Sunday, September 22, 2013

3 Ferry Bike Overnight

Waiting for the 1:45 p.m. ferry to New York.
I set out for another overnight. After missing a chance to tag along with a group who rode the three ferry ride the weekend before, now was my chance to accomplish that, plus test more camping gear, plus speed along my lazy training schedule for a bike touring vacation. I've been uninspired to pedal more than 22 miles (normal commute distance) in one whack.

Map of ride (for the curious).

Sometimes it helps to go someplace new. Because I dislike driving—period, I tend to take the ferry to New York state; it's an easy roll down the hill from home, enjoy a boat ride for an hour, then have nearly traffic free gentle roads in upstate New York. It works for me, plus treating myself to a Bangkok Thai burrito (think peanut sauce, sweet slaw, chicken, and rice) for pedal power. I'm so motivated by tasty food.

Ferry #1 - Burlington to Port Kent, NY
A north wind is intense, bringing cooler air and periodic showers, but clear weather is promised for tomorrow. I lock my bike to ferry rail, just in case riding the swells is as unsettling as a roller coaster. A ferry attendant assures me my bike will stay dry; loading facing forward becomes the stern after ferry backs out of the harbor.

Passengers descend to warmth below deck. I sip a cup of hot tea purchased from the concession counter and end up talking with an elderly lady who's run the gift shop for over 20 years. With engines continually humming and the smell of salty popcorn permeating a slight diesel fueled air, we gaze out the port hole. In the center of the lake the ship is rolling. Eye level waves are mildly eerie, yet she claims this is the most stable ferry of the three; the boat's mass is underwater. She reminds me of the part-timers at our local hardware store (I adore those guys), wizened, but not ready to retire, and always helpful with projects.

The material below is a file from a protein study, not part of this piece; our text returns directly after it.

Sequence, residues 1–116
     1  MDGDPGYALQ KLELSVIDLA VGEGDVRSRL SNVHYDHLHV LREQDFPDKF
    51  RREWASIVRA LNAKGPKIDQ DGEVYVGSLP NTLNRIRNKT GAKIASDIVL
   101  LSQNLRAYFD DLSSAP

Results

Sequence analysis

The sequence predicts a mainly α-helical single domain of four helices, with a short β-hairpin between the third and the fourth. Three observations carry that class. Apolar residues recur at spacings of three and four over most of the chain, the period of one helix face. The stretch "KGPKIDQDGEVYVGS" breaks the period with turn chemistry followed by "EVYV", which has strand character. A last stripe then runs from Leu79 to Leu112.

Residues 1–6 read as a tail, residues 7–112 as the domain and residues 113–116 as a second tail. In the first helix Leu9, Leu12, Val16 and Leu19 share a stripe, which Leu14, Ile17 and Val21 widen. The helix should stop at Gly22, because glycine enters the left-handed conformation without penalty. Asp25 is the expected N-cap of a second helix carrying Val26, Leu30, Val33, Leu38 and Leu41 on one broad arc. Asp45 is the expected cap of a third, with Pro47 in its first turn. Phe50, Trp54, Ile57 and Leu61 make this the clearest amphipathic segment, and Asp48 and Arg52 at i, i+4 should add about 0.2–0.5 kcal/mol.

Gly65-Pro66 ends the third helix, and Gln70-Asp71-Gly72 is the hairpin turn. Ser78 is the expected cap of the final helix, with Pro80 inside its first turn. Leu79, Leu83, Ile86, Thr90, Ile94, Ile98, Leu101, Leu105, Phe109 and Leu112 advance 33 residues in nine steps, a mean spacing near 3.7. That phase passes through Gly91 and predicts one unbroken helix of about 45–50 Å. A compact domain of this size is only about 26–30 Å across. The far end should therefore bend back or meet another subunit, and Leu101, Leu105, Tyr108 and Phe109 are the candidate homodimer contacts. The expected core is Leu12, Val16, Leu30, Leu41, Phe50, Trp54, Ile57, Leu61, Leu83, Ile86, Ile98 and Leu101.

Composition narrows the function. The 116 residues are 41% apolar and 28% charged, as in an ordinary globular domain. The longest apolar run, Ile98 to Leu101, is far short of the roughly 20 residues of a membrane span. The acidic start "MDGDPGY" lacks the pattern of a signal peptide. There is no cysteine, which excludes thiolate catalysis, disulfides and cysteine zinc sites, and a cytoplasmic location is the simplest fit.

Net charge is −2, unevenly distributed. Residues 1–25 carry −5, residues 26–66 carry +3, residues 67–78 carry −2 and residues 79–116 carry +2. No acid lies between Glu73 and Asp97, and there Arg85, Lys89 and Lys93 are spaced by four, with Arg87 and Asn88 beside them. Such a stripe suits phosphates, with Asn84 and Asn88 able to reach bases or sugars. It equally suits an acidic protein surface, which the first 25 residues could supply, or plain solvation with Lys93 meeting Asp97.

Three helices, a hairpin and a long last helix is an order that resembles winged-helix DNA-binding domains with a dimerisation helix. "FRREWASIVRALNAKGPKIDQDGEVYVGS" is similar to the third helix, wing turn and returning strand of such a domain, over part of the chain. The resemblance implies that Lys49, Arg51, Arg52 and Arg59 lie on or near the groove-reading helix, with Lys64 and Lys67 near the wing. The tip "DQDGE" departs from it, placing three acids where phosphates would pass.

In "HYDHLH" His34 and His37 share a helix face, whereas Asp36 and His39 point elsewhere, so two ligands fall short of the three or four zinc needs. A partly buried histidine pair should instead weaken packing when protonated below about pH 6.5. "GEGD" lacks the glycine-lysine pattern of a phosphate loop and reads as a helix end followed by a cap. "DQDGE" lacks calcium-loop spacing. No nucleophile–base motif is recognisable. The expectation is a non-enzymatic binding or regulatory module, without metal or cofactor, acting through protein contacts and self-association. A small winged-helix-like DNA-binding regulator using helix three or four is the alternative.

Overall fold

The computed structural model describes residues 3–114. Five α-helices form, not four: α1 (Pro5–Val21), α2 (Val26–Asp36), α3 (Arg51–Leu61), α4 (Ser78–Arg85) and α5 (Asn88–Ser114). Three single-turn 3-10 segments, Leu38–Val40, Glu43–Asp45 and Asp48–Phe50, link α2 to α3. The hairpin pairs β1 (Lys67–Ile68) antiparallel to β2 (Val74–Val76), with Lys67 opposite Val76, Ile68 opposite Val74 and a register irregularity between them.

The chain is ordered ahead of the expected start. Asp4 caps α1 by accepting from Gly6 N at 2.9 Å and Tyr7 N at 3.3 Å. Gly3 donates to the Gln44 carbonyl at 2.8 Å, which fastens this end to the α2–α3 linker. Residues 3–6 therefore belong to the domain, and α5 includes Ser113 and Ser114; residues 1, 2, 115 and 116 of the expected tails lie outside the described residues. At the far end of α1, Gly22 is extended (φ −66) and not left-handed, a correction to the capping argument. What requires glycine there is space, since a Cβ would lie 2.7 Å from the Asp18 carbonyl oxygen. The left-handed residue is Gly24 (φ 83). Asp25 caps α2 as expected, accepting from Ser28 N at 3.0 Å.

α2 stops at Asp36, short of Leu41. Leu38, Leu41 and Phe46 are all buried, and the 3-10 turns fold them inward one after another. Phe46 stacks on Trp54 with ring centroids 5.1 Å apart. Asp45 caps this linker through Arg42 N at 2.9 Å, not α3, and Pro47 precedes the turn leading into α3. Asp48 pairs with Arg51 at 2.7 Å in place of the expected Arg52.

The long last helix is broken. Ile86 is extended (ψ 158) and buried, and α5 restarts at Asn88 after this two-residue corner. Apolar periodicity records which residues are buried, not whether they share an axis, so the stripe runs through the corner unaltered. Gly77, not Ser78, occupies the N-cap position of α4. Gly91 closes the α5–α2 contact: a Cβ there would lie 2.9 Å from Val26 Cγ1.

On my bicycle I fall into a comforting rhythm. It's virtually quiet after the noisy ferry ride. The road is deserted. I can be an unbalanced rider, swerving unnecessarily, but distributing weight on front and back rack stabilizes the ride. Tires are grounded. There is nothing quite like bike touring that anchors me in the present, body movements in sync with thoughts, slow, methodical, liberating. I am in my element.

Amongst apple orchards the headwind is negated. Ripe, juicy Macintosh apples dot the landscape. My father says the fruit is large this year. Migrant pickers hang off ladders, placing apples into baskets slung around their necks.

I purposely veer inland from the lake to add miles, staying away from the brunt of lake winds, but also because I love pedaling around Peru. It is home to huge orchards, more for mass harvesting than for u-pickers. Unlike tall, ripe cornfields lining my route, apple orchards are fragrance-free. One needs to imagine sinking teeth into a tart, juicy, crunchy Mac—the kind where biting and slurping is instantaneous. I thought of my own family who planned to pick tomorrow. I would miss that, but my husband is crazy about making applesauce. He'll be out in the fields again, soon after our vacation.

Mesmerized by the terrain, I doubled back to check out a postage stamp-sized cemetery, remnants of an old Amish settlement.

Then, honking geese light overhead, heard before seen. Gotta love those harbingers of fall.

I was pretty lucky with the weather. It sprinkled here and there, but not enough to unearth raingear. I planned to skirt Plattsburgh, however, a wrong turn sent me back towards the lake by 5:30. A dampness settled under my fleece shirt and I wished I hadn't worn a t-shirt underneath. But I didn't change either. Camping was only two miles further.

I pedaled onward, and entered downtown Plattsburgh. One block was closed to traffic. A war of 1812 celebration was just getting underway. A band was tuning instruments, food carts flanked a triangular park, and I stumbled into a booth where a kind man explained the upcoming events. Soon after, a guy in costume ambles by, in character as a French general on the British side. In a thick French accent he recites a lot of history—perhaps too much—and I couldn't wait to get away, but not before he obliged a photo. It's not every day that a cyclist encounters a person dressed in 1800's get-up.